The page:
Phase transitions and noise sensitivity on the Poisson space via stopping sets and decision trees

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Research Article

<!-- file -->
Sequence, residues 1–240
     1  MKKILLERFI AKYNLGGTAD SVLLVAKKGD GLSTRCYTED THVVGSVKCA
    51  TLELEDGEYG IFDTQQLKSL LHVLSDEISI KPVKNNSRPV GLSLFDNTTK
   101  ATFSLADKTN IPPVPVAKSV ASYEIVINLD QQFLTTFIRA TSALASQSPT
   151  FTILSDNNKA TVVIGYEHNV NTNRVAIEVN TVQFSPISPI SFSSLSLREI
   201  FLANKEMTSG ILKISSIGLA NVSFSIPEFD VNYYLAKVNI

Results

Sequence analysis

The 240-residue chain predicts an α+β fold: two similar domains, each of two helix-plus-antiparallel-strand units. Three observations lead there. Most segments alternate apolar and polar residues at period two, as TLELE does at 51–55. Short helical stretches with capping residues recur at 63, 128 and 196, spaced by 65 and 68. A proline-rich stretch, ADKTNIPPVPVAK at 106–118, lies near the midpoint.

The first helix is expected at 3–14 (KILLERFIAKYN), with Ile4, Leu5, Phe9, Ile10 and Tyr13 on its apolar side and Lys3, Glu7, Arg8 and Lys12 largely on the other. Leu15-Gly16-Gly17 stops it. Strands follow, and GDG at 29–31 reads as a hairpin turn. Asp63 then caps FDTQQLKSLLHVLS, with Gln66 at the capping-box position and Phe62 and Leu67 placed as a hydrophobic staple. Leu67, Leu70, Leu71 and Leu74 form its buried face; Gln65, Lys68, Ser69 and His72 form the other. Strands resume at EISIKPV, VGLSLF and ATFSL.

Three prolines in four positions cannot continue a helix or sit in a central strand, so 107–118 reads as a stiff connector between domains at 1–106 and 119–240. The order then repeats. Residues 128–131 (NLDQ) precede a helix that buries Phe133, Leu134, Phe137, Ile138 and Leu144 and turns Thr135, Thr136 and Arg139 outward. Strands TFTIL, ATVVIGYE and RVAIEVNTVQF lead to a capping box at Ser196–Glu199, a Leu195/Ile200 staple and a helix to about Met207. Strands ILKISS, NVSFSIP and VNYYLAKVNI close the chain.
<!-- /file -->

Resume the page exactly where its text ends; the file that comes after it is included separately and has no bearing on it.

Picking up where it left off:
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Proofs of sharp phase transition and noise sensitivity in percolation have been significantly simplified by the use of randomized algorithms, via the OSSS inequality (proved by O’Donnell, Saks, Schramm and Servedio in [59]) and the Schramm-Steif inequality for the Fourier-Walsh coefficients of functions defined on the Boolean hypercube (see [69]). In this article, we prove intrinsic versions of the OSSS and Schramm-Steif inequalities for functionals of a general Poisson process, and apply these new estimates to deduce sufficient conditions — expressed in terms of randomized stopping sets — yielding sharp phase transitions, quantitative noise sensitivity, exceptional times and bounds on critical windows for monotonic Boolean Poisson functions. Our analysis is based on a new general definition of ‘stopping set’, not requiring any topological property for the underlying measurable space, as well as on the new concept of a ‘continuous-time decision tree’, for which we establish several fundamental properties. We apply our findings to the k-percolation of the Poisson Boolean model and to the Poisson-based confetti percolation with bounded random grains. In these two models, we reduce the proof of sharp phase transitions for percolation, and of noise sensitivity for crossing events, to the construction of suitable randomized stopping sets and the computation of one-arm probabilities at criticality. This enables us to settle an open problem suggested by Ahlberg, Tassion and Texeira [4] (a special case of which was conjectured earlier by Ahlberg, Broman, Griffiths and Morris [2]) on noise sensitivity of crossing events for the planar Poisson Boolean model with random balls whose radius distribution has finite (2 +α)-moments and also show the same for planar confetti percolation model with bounded random balls. We also prove that critical probability is 1/2 for the planar confetti percolation model with bounded, π/2-rotation invariant and reflection invariant random grains. Such a result was conjectured by Benjamini and Schramm [10] in the case of fixed balls and proved by M¨uller [55], Hirsch [40] and Ghosh and Roy [31] in the case of balls, boxes and random boxes, respectively; our results contain all previous findings as special cases.

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